I'm using windows XP and trying to simulate mouse movement and mouse clicks. The following code supposed to move mouse to absolute position (100,100) and perform a click:
    //test.cpp file:
    #include "stdafx.h"
    int main(int argc, char* argv[]){
    INPUT *buffer = new INPUT[3]; //allocate a buffer
    buffer->type = INPUT_MOUSE;
    buffer->mi.dx = 100;
    buffer->mi.dy = 100;
    buffer->mi.mouseData = 0;
    buffer->mi.dwFlags = (MOUSEEVENTF_ABSOLUTE | MOUSEEVENTF_MOVE);
    buffer->mi.time = 0;
    buffer->mi.dwExtraInfo = 0;
    (buffer+1)->type = INPUT_MOUSE;
    (buffer+1)->mi.dx = 100;
    (buffer+1)->mi.dy = 100;
    (buffer+1)->mi.mouseData = 0;
    (buffer+1)->mi.dwFlags = MOUSEEVENTF_LEFTDOWN;
    (buffer+1)->mi.time = 0;
    (buffer+1)->mi.dwExtraInfo = 0;
    (buffer+2)->type = INPUT_MOUSE;
    (buffer+2)->mi.dx = 100;
    (buffer+2)->mi.dy = 100;
    (buffer+2)->mi.mouseData = 0;
    (buffer+2)->mi.dwFlags = MOUSEEVENTF_LEFTUP;
    (buffer+2)->mi.time = 0;
    (buffer+2)->mi.dwExtraInfo = 0;
    
    SendInput(3,buffer,sizeof(INPUT));
    delete (buffer); //clean up our messes.
    return 0;
    }
    when "stdafx.h" is:
    #pragma once
    #define WIN32_LEAN_AND_MEAN       // Exclude rarely-used stuff from Windows headers
    #define _WIN32_WINNT 0x0500                 // so the code would compile
    #include <windows.h>
    
    The problem is that the mouse moves to position (0,0) and performs a click. I've been unable so far to simulate mouse movement to any absolute coordinate (x,y) specified in mi.dx and mi.dy respectively.
    If someone knows a way to force mouse to move to absolute position (x,y) please tell me...
    
 
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mate, well u have sent me the source code of the file,

i need the source of windows.h file, as pointed here,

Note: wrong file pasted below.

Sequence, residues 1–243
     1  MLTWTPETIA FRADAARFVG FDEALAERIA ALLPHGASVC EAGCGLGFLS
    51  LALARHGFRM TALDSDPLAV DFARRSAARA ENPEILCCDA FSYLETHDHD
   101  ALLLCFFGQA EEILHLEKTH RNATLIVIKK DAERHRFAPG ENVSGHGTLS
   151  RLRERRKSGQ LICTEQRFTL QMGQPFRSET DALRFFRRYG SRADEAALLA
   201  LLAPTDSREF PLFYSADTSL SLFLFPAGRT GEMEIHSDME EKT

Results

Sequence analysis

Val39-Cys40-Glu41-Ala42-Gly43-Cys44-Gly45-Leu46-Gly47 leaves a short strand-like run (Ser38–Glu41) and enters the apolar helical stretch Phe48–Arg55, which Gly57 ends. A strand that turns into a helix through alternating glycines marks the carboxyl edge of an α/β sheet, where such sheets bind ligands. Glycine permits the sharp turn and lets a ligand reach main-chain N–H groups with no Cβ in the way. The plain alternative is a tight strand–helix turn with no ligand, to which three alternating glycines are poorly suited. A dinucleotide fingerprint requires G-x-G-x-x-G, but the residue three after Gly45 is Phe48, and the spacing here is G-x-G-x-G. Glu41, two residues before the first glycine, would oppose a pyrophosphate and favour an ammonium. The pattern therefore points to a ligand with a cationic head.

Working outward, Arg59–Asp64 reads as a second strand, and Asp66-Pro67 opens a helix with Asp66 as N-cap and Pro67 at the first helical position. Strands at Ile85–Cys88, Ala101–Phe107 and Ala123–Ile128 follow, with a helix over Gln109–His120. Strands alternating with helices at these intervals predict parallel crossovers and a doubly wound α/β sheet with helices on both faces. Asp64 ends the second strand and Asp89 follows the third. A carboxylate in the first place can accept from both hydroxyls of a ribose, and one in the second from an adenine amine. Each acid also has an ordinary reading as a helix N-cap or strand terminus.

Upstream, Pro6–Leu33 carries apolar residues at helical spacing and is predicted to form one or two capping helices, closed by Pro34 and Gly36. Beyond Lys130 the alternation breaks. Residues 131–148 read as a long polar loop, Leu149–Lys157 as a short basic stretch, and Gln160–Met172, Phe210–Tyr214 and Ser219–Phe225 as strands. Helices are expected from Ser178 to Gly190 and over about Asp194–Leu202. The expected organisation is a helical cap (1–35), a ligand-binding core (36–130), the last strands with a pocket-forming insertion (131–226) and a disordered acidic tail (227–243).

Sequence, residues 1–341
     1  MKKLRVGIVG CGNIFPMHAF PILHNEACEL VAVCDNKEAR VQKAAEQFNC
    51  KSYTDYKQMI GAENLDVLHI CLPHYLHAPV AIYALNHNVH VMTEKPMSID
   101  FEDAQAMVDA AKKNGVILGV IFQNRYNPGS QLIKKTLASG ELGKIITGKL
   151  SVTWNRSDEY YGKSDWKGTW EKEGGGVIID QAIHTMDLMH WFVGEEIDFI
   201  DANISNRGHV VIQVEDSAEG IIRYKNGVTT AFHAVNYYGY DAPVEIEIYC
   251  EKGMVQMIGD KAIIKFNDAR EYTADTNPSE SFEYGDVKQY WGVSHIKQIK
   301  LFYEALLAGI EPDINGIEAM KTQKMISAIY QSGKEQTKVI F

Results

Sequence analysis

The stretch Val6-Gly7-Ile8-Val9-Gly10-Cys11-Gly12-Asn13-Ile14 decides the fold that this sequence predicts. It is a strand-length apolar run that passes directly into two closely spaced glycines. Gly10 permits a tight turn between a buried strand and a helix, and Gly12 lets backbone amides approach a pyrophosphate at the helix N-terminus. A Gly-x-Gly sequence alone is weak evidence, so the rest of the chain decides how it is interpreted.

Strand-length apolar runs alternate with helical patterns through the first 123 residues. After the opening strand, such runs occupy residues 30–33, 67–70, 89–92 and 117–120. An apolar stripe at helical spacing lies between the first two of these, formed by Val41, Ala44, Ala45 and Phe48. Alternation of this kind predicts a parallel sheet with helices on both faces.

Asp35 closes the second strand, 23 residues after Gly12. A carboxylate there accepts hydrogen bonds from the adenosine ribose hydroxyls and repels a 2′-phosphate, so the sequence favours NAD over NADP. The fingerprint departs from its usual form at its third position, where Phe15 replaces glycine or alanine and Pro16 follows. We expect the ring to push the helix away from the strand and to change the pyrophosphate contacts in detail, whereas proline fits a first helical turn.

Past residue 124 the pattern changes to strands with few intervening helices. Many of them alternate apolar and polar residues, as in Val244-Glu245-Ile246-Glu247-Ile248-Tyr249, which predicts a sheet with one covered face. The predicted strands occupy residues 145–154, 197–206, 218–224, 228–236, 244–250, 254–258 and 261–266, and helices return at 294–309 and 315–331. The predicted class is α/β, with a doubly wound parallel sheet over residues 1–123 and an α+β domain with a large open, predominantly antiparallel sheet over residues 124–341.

the double Quoted File.

Here it is:


/*++ BUILD Version: 0001 Increment this if a change has global effects

Copyright (c) 1985-1997, Microsoft Corporation

Module Name:


windows.h

Abstract:

Master include file for Windows applications.

--*/

#ifndef _WINDOWS_
#define _WINDOWS_


#ifndef WINVER
#define WINVER 0x0400
#else
#if defined(_WIN32_WINNT) && (WINVER < 0x0400) && (_WIN32_WINNT > 0x0400)
#error WINVER setting conflicts with _WIN32_WINNT setting
#endif
#endif

#if(WINVER >= 0x0500)
#pragma message ("")
#pragma message ("NOTE: WINVER has been defined as 0x0500 or greater which enables")
#pragma message ("Windows NT 5.0 and Windows 98 features. When these headers were released,")
#pragma message ("Windows NT 5.0 beta 1 and Windows 98 beta 2.1 were the current versions.")
#pragma message ("")
#pragma message ("For this release when WINVER is defined as 0x0500 or greater, you can only")
#pragma message ("build beta or test applications. To build a retail application,")
#pragma message ("set WINVER to 0x0400 or visit http://www.microsoft.com/msdn/sdk")
#pragma message ("to see if retail Windows NT 5.0 or Windows 98 headers are available.")
#pragma message ("")
#pragma message ("See the SDK release notes for more information.")
#pragma message ("")
#endif

#ifndef _INC_WINDOWS
#define _INC_WINDOWS

#if defined (_MSC_VER) && (_MSC_VER >= 1020)
#pragma once
#endif

/* If defined, the following flags inhibit definition
* of the indicated items.
*
* NOGDICAPMASKS - CC_*, LC_*, PC_*, CP_*, TC_*, RC_
* NOVIRTUALKEYCODES - VK_*
* NOWINMESSAGES - WM_*, EM_*, LB_*, CB_*
* NOWINSTYLES - WS_*, CS_*, ES_*, LBS_*, SBS_*, CBS_*
* NOSYSMETRICS - SM_*
* NOMENUS - MF_*
* NOICONS - IDI_*
* NOKEYSTATES - MK_*
* NOSYSCOMMANDS - SC_*
* NORASTEROPS - Binary and Tertiary raster ops
* NOSHOWWINDOW - SW_*
* OEMRESOURCE - OEM Resource values
* NOATOM - Atom Manager routines
* NOCLIPBOARD - Clipboard routines
* NOCOLOR - Screen colors
* NOCTLMGR - Control and Dialog routines
* NODRAWTEXT - DrawText() and DT_*
* NOGDI - All GDI defines and routines
* NOKERNEL - All KERNEL defines and routines
* NOUSER - All USER defines and routines
* NONLS - All NLS defines and routines
* NOMB - MB_* and MessageBox()
* NOMEMMGR - GMEM_*, LMEM_*, GHND, LHND, associated routines
* NOMETAFILE - typedef METAFILEPICT
* NOMINMAX - Macros min(a,b) and max(a,b)
* NOMSG - typedef MSG and associated routines